This article is written by Shradha Jain, pursuing a Diploma in Intellectual Property, Media and Entertainment Laws from Lawsikho.com.
Seven best-selling novels translated into 77 languages, eight blockbuster films, eleven video games, and more than 400 licensed products. Who hasn’t heard of Harry Potter, read the books, or seen the movie? By the time the series’ books were released, it garnered so much fan base that it turned into a cult. Since I am a member of the sect myself, today we will analyse Harry Potter from a legal point of view. How the legal professionals needed to forge their magic to shield the trademarks withinside the movie.
Trademarks on the films
Brands are an integral part of any shopping experience, serving the purpose of alluring us, but also serve as a quick and reliable guide to the quality of a particular product or service. A world without brands is difficult to imagine. How can we, as consumers, be sure where the products and services we buy come from? Could companies build their reputation in the marketplace and increase consumer confidence and loyalty to their products and services?
Looking at the definition of the trademark in India and the US
- In India Trademark is defined under the Trademark Act, 1999 as, “Trademark means a mark capable of being represented graphically and which is capable of distinguishing the goods or services of one person from those of others and may include the shape of goods, their packaging, and combination of colors.”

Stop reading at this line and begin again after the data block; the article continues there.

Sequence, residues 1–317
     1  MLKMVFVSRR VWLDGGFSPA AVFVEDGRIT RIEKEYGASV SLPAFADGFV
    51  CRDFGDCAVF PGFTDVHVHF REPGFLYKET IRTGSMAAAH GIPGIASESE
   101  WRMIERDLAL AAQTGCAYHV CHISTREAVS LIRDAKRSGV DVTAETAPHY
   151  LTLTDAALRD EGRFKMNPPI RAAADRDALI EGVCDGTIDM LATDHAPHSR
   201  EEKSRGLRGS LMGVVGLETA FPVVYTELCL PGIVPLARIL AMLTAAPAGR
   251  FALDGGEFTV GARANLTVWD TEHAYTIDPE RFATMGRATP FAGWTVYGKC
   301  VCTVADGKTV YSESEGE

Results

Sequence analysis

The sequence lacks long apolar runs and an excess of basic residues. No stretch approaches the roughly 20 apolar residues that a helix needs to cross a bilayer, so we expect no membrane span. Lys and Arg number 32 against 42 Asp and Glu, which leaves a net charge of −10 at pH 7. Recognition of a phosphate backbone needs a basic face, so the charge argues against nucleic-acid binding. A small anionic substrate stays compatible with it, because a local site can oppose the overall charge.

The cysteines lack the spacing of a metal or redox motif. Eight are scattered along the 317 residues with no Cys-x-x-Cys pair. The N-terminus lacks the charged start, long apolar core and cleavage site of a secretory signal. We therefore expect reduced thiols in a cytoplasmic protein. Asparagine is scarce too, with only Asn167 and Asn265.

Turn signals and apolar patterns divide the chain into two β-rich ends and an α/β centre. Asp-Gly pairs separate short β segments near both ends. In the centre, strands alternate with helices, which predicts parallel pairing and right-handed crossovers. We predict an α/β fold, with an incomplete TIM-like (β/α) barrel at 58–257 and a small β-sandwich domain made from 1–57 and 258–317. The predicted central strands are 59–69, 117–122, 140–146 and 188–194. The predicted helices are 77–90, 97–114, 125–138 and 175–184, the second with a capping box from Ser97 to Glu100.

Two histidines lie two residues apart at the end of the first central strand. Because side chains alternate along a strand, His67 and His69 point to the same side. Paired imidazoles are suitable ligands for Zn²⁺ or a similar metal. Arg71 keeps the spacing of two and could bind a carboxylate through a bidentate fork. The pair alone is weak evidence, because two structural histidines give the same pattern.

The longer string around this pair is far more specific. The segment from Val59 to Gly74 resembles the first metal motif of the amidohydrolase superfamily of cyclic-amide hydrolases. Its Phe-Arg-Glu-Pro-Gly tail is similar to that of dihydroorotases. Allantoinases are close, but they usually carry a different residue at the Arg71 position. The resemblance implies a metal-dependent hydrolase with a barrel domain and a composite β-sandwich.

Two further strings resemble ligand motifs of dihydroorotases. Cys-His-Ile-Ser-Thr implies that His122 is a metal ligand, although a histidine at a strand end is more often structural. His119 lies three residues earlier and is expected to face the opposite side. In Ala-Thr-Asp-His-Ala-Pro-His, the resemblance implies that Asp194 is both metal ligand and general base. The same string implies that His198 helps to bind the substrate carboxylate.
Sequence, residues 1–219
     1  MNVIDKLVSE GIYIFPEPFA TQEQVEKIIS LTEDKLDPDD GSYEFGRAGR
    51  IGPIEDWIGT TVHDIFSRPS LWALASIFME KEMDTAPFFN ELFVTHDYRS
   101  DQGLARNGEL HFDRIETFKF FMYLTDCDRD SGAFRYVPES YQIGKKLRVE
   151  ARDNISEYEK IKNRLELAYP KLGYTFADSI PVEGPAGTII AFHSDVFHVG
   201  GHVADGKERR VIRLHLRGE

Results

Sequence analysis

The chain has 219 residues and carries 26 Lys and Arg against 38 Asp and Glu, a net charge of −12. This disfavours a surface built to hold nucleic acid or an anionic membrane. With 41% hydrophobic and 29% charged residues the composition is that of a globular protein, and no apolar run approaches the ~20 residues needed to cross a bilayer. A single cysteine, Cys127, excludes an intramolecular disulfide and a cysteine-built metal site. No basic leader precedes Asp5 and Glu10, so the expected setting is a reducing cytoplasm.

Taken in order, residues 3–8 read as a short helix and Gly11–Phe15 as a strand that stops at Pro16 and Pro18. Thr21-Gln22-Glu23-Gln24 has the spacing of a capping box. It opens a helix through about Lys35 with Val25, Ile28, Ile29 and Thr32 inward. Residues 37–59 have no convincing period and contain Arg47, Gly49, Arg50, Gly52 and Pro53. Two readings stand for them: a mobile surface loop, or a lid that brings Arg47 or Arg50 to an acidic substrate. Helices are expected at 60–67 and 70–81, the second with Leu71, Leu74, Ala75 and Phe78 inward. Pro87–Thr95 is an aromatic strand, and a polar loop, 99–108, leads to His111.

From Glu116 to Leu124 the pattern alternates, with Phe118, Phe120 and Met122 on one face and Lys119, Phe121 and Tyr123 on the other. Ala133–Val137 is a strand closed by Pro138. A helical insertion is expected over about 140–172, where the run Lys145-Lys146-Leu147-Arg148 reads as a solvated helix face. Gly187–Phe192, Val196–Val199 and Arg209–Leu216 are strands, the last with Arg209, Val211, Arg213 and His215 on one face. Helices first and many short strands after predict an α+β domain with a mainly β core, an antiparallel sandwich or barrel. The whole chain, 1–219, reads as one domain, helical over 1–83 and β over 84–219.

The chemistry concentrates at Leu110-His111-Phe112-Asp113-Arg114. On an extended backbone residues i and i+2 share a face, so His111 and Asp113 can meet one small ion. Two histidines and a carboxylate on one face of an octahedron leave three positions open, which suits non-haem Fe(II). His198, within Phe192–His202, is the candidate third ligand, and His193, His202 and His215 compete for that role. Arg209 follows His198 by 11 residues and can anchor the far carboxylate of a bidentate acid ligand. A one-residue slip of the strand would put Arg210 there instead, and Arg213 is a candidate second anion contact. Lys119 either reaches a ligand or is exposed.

- In the US it has been defined under 15 U. Code §1127 as
The term “trademark” includes any word, name, symbol, or device, or any combination thereof—
(1) used by a person, or
(2) which a person has a bona fide intention to use in commerce and applies to register on the principal register established by this chapter, to identify and distinguish his or her goods, including a unique product, from those manufactured or sold by others and to indicate the source of the goods, even if that source is unknown.
From the two definitions above, it can be seen that a word or a combination of words, letters, and numerals can perfectly constitute a trademark. But trademarks may also consist of drawings, symbols, three-dimensional features such as the shape and packaging of goods, non-visible signs such as sounds or fragrances, or color shades used as distinguishing features – the possibilities are almost limitless. Trademarks are typically granted for a period of 10 years, although they might vary from country to country. It allows the owners to fully commercially exploit their brand and build a reputation for the same.